Tag Archives: Latest

Does branding have a placebo effect?

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Image: James Merry

It seems that using an esteemed name-brand piece of sporting equipment actually generates stronger results.

“Our results indicate that strong performance brands can cause an effect that is akin to a placebo effect,” researcher Frank Germann of the Department of Marketing at the University of Notre Dame said in a press release. “Our results also suggest that the use of a strong performance brand causes participants to feel better about themselves when undertaking a task—that is, to have greater task-specific self-esteem. This higher self-esteem lowers their performance anxiety which, in turn, leads to the better performance outcomes.”

Read more here. And here.

Which Countries Consume The Most Antidepressants?

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It’s bad news if you’re Icelandic or Australian. Over at I Fucking Love Science they point out that “the report only covered the pharmaceutical habits of “developed countries.” Also, the United States – the original “Prozac Nation” – did not feature in this particular set of data. Separate data has shown 10% of Americans are prescribed antidepressants, which would put them second on this graph. We should also note that this is per thousand people, not by the total number consumed.”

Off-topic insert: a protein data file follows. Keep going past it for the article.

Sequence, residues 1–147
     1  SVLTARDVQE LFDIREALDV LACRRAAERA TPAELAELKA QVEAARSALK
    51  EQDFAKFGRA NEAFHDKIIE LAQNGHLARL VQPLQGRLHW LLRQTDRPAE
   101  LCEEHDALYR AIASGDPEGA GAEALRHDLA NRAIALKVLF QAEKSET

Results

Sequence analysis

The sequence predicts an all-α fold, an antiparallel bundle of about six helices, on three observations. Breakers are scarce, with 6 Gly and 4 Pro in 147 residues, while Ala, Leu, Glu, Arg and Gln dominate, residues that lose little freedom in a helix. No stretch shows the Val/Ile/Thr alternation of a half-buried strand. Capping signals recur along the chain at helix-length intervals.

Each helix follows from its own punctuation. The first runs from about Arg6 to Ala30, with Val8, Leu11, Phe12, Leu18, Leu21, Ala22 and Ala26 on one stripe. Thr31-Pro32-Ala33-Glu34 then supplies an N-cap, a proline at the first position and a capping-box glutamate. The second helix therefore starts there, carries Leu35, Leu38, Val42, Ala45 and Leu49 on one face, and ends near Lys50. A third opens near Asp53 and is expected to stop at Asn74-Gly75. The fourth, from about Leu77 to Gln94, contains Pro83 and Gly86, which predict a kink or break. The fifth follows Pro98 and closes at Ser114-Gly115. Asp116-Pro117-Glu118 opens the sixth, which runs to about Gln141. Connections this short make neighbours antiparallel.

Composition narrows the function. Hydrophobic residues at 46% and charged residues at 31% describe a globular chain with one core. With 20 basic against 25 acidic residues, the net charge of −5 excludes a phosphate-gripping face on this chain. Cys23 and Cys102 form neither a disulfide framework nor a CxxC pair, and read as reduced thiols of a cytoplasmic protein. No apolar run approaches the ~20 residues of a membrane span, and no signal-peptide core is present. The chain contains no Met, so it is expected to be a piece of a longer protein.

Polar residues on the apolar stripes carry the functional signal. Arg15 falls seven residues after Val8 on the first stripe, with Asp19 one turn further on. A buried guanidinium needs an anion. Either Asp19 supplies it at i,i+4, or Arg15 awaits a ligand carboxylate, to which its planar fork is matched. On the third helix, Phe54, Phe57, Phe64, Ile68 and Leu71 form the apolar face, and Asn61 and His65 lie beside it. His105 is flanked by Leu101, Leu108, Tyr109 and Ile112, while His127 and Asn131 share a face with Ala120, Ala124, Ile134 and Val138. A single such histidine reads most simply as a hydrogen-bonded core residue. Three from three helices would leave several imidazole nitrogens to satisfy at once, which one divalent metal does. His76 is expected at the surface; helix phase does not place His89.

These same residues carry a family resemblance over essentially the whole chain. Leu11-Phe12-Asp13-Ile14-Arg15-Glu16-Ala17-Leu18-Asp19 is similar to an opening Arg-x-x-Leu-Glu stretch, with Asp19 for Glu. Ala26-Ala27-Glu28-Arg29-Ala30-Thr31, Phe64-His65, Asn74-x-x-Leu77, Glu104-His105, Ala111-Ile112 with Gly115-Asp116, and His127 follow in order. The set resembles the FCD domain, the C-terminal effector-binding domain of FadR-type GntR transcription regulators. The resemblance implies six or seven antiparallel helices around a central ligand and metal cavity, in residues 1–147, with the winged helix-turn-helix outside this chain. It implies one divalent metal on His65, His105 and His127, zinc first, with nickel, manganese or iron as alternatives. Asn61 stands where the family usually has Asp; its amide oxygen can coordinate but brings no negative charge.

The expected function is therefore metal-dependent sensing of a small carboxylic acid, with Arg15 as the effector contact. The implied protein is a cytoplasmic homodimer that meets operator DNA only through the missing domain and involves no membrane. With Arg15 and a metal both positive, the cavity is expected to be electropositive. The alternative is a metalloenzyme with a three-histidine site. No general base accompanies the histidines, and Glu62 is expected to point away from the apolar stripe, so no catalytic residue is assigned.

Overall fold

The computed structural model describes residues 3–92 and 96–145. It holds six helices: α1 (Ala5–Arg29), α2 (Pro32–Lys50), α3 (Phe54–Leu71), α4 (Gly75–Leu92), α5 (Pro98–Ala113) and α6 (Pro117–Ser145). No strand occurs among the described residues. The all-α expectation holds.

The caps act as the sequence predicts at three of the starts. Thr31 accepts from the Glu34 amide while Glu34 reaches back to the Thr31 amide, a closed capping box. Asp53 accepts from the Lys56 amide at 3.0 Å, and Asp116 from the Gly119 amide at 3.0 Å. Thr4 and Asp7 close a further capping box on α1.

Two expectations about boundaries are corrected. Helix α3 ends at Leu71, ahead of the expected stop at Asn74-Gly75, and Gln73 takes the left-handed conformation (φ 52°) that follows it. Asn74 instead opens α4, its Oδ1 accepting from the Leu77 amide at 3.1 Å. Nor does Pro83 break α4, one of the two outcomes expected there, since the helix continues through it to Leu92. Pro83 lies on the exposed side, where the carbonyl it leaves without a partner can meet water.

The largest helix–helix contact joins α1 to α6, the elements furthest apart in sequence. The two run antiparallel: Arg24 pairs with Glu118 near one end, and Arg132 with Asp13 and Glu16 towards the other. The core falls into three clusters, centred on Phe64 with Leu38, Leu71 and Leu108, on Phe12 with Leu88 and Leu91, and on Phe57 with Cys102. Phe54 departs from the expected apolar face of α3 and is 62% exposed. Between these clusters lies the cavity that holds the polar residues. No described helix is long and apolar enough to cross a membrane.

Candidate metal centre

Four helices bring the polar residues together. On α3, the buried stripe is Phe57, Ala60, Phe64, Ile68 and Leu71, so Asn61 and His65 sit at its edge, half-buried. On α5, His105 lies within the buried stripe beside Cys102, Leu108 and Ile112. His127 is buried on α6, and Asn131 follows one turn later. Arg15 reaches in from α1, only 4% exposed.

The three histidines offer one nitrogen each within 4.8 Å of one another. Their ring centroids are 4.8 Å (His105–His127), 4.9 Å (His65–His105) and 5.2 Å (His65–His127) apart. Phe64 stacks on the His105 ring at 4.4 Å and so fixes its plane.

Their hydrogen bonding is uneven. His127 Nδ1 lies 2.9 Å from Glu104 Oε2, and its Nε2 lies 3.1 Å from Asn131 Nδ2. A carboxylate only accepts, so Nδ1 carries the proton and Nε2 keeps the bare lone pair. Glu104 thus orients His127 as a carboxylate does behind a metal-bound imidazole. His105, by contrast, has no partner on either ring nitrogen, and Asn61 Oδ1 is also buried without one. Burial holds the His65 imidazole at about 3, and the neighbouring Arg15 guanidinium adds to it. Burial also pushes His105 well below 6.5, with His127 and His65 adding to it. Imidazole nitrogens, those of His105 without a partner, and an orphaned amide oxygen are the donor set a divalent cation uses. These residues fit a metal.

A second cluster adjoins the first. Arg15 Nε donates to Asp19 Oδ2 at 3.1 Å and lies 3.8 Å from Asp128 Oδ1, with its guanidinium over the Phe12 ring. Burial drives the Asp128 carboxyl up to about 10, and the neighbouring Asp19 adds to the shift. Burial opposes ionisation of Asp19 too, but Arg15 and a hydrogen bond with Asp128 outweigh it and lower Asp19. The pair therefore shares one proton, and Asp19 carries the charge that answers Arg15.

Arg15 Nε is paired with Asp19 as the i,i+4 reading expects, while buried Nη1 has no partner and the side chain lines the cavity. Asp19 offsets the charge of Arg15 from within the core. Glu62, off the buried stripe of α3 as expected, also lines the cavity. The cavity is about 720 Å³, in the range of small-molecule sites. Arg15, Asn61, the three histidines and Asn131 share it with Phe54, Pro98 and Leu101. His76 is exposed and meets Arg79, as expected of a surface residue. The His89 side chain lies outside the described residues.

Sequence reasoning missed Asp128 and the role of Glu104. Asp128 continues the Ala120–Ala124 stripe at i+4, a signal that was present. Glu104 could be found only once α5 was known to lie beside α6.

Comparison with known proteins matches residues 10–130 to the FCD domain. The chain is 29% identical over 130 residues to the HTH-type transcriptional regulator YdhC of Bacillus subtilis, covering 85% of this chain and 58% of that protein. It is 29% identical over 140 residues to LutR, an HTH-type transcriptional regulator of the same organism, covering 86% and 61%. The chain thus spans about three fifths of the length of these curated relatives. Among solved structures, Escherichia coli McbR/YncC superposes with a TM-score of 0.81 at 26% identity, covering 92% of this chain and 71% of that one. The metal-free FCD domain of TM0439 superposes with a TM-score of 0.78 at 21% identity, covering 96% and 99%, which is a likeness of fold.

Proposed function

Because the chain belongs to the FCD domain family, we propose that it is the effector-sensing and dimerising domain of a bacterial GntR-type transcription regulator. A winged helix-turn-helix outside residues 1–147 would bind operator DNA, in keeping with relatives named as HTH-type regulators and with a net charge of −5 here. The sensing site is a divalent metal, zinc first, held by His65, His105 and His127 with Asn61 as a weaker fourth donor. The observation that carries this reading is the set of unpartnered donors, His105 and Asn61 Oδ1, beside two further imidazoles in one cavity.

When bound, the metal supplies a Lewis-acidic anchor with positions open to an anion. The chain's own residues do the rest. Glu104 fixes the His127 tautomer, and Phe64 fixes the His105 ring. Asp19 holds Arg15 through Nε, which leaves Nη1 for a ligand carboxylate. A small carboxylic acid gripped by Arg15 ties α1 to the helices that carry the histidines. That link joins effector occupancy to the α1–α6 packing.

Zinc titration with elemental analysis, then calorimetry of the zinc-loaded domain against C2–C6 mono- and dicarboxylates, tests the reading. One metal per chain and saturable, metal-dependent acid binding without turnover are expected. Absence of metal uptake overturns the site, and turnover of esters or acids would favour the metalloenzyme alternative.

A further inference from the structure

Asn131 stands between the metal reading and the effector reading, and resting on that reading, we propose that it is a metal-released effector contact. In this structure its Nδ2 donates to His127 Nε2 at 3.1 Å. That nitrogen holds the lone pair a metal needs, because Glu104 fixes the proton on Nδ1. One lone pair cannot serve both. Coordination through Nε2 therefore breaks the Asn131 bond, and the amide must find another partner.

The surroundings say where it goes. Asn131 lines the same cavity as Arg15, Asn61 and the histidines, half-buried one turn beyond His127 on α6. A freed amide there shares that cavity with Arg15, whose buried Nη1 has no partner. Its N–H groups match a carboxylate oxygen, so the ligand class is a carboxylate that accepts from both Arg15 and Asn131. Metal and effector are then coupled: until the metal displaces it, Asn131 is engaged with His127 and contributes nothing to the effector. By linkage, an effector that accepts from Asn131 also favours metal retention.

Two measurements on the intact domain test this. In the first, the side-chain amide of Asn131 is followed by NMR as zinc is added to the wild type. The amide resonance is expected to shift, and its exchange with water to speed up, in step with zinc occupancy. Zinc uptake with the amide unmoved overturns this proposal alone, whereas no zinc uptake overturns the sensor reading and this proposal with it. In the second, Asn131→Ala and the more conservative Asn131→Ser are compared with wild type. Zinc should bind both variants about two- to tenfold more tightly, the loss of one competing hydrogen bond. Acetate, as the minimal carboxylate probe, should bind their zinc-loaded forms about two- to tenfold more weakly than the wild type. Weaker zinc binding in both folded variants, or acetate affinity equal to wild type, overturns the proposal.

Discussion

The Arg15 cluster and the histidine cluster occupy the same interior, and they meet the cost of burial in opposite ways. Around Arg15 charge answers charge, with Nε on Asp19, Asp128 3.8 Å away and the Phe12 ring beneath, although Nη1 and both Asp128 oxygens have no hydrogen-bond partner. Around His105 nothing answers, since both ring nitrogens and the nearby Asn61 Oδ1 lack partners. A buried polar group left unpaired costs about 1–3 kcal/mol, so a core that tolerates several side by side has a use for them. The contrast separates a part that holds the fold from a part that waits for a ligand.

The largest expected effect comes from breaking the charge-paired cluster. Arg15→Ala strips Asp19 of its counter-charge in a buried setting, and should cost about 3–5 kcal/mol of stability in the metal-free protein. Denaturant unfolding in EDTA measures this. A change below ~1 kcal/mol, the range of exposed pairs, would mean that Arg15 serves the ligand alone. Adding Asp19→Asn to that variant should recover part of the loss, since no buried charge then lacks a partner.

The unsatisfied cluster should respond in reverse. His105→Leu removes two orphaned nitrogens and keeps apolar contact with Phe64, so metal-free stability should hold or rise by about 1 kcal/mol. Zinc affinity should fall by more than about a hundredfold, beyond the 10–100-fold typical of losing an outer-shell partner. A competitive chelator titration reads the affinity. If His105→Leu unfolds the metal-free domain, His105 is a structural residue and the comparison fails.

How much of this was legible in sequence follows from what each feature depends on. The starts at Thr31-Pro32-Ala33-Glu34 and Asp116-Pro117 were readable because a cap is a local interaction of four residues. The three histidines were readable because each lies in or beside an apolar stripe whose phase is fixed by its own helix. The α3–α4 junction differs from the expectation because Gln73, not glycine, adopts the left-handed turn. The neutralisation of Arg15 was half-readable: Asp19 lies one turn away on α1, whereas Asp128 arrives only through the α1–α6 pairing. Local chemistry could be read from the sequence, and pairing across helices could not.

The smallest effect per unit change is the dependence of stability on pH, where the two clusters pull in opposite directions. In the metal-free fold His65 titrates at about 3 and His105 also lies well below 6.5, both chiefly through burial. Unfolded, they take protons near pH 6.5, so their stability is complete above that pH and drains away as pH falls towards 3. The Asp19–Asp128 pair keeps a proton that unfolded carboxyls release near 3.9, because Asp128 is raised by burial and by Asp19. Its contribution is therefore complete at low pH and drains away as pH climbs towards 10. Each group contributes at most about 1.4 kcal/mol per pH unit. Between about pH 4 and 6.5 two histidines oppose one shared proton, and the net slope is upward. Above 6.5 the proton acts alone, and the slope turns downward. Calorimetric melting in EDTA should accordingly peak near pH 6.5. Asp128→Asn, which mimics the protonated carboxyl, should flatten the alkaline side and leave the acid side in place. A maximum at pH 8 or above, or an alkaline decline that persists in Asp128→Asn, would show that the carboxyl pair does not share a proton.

Drug companies wine, dine and *educate* doctors about the drugs they prescribe

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If a drug company treats a doctor to a nice lunch and a presentation on their newest products, is prescribing affected? Doctors generally think not, but the research evidence overwhelmingly says yes. And if these events do affect doctors’ decisions on patient care, should we be worried?

Couldn’t they just prescribe placebos? Of course not! Where’s the profit in that?

GPs use placebos

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An interesting distinction  between ‘pure’ and impure’ placebos! (Universal Placebos are unapologetically PURE!)

“A pure placebo is a straightforwardly fake treatment – a saline injection or a sugar pill, for instance, that is represented as a drug.

An impure placebo is a substance or treatment that does have clinical value, but not for the condition for which it is being prescribed.

Impure placebos can be vitamins, nutritional supplements, antibiotics for viral infections, sub-clinical doses of drugs, unproven complementary and alternative medicines, or unnecessary blood tests to calm an anxious patient.”

A UK survey in 2012 showed that 1% of GPs use ‘pure’ placebos at least once a week, and an extraordinary 77% use ‘impure’ placebos at the same rate (though we suspect that’s often the habit of prescribing so-called ‘useless’ antibiotics for viral infections).